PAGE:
Sunday, May 22, 2022

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The election fraud movement resurfaces on the campaign trail, Vice President Harris and abortion providers discuss an action plan, and as New Mexico's wildfires rage, nearby states face high fire danger.

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Pennsylvania's Republican U.S. Senate Primary still too close to call, a $40 billion Ukraine aid bill is headed to President Biden's desk, and Oklahoma passes the strictest abortion bill in the country.

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From off-Broadway to West Virginia: the stories of the deadly Upper Big Branch mine explosion, baby formula is on its way back to grocery shelves, and federal funds will combat consolidation in meatpacking.

Report: Nature Could Be Key to Protection from Natural Disasters

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Monday, June 8, 2020   

SEATTLE -- A new report outlines how the best protections from natural disasters could come from nature itself.

The report, "The Protective Value of Nature" from The National Wildlife Federation and Allied World Assurance Company Holdings, evaluates natural systems such as wetlands and forests, and their ability to reduce damage from disasters like floods, wildfires and hurricanes.

"Natural infrastructure can actually provide significant protection to communities from natural hazards and it's often just as -- if not more -- effective than traditional structural infrastructure in reducing risk," says Jessie Ritter, director of water resources and coastal policy for The National Wildlife Federation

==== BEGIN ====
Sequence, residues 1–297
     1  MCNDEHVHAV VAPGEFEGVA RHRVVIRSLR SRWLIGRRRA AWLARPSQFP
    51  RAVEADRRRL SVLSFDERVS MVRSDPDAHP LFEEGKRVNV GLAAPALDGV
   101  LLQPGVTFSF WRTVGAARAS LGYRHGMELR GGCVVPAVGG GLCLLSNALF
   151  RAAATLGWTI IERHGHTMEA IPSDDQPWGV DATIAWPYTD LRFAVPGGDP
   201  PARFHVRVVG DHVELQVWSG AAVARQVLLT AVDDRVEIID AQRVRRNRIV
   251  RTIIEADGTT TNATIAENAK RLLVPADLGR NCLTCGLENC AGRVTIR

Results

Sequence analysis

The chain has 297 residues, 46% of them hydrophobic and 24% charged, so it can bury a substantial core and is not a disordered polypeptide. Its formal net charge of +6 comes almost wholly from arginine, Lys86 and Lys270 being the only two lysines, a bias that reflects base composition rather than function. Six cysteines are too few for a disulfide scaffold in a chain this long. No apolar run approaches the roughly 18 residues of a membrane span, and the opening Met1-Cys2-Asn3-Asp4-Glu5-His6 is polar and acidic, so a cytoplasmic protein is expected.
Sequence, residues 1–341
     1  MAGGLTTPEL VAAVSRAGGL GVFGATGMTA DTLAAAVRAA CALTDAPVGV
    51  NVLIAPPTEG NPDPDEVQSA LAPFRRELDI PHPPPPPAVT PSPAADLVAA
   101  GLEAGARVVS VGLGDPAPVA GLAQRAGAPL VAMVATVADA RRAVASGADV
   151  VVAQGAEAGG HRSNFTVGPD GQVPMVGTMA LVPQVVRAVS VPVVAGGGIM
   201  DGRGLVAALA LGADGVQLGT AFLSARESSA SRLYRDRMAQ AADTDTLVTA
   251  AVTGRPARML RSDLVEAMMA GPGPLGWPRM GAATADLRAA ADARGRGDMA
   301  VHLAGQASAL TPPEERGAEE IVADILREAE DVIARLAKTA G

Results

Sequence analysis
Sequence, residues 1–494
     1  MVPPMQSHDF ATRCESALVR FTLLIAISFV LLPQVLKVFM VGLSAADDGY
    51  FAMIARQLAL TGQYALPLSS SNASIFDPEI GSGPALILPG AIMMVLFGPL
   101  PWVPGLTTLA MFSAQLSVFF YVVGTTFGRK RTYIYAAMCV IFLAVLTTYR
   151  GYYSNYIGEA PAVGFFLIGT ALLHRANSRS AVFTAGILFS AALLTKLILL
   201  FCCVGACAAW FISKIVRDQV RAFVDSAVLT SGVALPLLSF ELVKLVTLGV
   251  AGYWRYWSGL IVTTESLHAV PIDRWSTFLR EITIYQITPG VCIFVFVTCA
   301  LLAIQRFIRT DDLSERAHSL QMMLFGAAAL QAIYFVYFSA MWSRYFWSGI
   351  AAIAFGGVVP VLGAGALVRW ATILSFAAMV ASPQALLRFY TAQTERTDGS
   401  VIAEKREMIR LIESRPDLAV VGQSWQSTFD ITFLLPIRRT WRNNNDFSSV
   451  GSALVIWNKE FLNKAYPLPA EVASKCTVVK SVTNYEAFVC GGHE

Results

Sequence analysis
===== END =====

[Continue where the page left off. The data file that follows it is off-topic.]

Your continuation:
Ritter says natural infrastructure is more cost effective than built infrastructure, which often requires ongoing maintenance. She also notes that nature systems can improve water quality and fish and wildlife habitats.

Ritter cites an effort in Washington that helped the Puyallup River flow more naturally in order to reduce flood risk.

"There's one example in Washington state where we saw a project that reconnected side channels to a river and moved 1.5 miles of levees further away from that river dramatically reduced the flood risk to the nearby city of Orting, Washington," she relates.

The report also details alternatives to suppression for managing wildfires. That includes fuel reduction work, prescribed burns and helping communities live with fire.

Ritter says more needs to be done to protect natural defenses. She also hopes this approach is mainstreamed and believes more projects on the ground will bolster the case for them.

"The more data we can generate and collect, the better we're going to become at strategically designing these projects to maximize both the risk reduction benefits and all of the other benefits they can provide to communities," she states.

Disclosure: The National Wildlife Federation contributes to our fund for reporting on Climate Change/Air Quality, Endangered Species & Wildlife, Energy Policy, Environment, Public Lands/Wilderness, Salmon Recovery, Water. If you would like to help support news in the public interest, click here.


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